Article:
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in need of Bacon's philosophy, which might be called common sense systematized and refined, having for its object the finding of facts, and tracing them to their roots, or from their roots through their various ramifications; which constitute the philosophy of any question. I am well aware of the difficulties attending the reception of new facts and ideas, which are apt to bewilder and bore people whose judgments have never been really cultivated. The general and sometimes almost involuntary aversion to receive them is somewhat like the resistance made to a suit at law to dispossess people of their properties, to say nothing of the timidity of many to commit themselves to what might be, or what might be held by the public to be,“ vulgar errors;" but that is presumed, by the “force of truth,” sooner or later to disappear.
It is wonderful how much the Serpent is mixed up with the Old and New Testament histories, and how little is known about it; and it would be remarkable if no meaning could be attached to the Scriptural allusions to it, or that no interest should be felt in regard to it. However odious the reptile is held to be, it wonderfully rivets the attention of people meeting it, and it is either timidly avoided or savagely killed. Many of them are not only harmless, but of great use to the farmer in clearing his fields of mice and other vermin ; but some of the venomous kinds are so dangerous, that a person bitten by them might as well, in some instances, lay himself down and die, like a poisoned rat in its hole. It is one of the mysteries of nature why some snakes should be poisonous and others harmless, when the former could apparently serve the end for which it was created without its venomous peculiarity. The leading traits in the natural history of the Snake are incidentally illustrated in the present Contributions.
The Papers on Other Subjects were added after the above was written.
NEW YORK, Ist September, 1874.
ticed communications in Land soon thereafter, he was surprised at and Water on the question, “ Do finding a number of young snakes vipers swallow their young ?” but I wriggling about on it, the heat of have not seen the subject investi- the fire having brought the eggs to gated in this way: Has any one, in the hatching point. Now it is exdissecting a female viper, found eggs tremely likely that the snake that within her ? and has any one found laid these eggs was of the same young ones inside of another? If species as the one that was killed, both have been found, then, as a for both were in the same neighbourmatter of course, the reptile must hood, where they were very numerhave swallowed her progeny. ous; and it is a peculiarity of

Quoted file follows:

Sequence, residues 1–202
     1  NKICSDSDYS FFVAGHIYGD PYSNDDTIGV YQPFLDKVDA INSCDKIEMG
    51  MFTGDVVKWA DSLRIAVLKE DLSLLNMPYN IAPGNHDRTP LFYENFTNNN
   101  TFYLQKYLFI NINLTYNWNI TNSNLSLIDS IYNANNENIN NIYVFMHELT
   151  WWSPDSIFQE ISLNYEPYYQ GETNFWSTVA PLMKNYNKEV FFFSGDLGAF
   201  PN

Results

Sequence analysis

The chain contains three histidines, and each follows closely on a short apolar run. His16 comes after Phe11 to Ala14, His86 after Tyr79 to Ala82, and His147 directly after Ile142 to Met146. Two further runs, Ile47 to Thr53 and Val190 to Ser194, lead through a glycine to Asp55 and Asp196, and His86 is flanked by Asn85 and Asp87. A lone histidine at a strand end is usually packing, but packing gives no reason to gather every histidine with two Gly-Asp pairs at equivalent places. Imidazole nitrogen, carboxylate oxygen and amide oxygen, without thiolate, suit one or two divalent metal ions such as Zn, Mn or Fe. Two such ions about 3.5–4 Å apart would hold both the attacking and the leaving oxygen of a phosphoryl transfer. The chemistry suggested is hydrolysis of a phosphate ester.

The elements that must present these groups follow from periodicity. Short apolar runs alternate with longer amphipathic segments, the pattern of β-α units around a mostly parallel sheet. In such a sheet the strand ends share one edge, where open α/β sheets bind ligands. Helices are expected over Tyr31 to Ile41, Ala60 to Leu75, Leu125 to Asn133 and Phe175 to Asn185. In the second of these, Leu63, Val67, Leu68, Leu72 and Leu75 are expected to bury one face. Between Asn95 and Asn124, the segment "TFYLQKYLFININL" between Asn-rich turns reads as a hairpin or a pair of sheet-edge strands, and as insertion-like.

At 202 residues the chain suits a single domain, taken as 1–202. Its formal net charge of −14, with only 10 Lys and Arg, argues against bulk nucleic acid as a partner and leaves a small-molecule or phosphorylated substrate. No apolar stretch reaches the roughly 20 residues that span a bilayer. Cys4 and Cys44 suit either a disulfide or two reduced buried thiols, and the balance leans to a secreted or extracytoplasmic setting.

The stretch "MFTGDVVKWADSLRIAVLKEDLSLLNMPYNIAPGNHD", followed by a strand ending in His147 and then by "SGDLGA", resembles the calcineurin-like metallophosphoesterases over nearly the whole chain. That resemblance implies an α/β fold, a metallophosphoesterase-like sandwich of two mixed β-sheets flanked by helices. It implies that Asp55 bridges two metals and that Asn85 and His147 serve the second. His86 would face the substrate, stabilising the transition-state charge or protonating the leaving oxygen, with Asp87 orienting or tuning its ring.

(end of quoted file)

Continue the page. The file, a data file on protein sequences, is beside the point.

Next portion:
I will establish the principle by snakes in America that you seldom what I have observed on Long Is or never find two kinds occupying land, a short distance from New the same ground--at least, during York. When strolling with a friend, two years, I never came across any he very suddenly seized a stone and other kind than that of the one dashed it with all his might upon killed, and I saw many of them. I the top of a low dry stone wall, and at once concluded that the snake killed a pretty large snake of the that laid the eggs, and the one conordinary brown striped species, ly- taining the young ones, were of the ing on it, basking in the sun. As it same species; and as a natural conappeared more than ordinarily full sequence, that the latter had swalabout the body, I began to dissect lowed her young-quite indepenit in a rough way, by tearing it dent of the general belief, and the apart with two sticks (for I did not positive ocular testimony of one like to touch it), to see what it con- person as to the fact.t tained, thinking it might be an ani Now to confirm the question by mal it had swallowed, as a few days analogy, and on my own testimony. before I had killed another that had I have said that different kindsmat a frog partly down its gullet, feet least certain kinds—of snakes are foremost, but making no noise, not apt to be found on the same when its intended prey hopped ground. There is a deadly enmity away as if it had not been injured. between black - snakes and some Having always understood that others. At a place in New Jersey, snakes were animals that “laid where I frequently visited, and kept eggs," I was greatly surprised at a lookout for snakes, I never met finding about twenty snakelets of with any on the same ground but considerable size, and rather lively; black ones. On one occasion I but my friend asserted on the spot killed one, very full about the body, that snakes swallowed their young and took it to the house I was visitThis naturally led me to make in- ing for careful dissection, expectquiries, and I found a trustworthy ing to find it with young, when I neighbour who said positively that would satisfy myself whether the he had seen it done.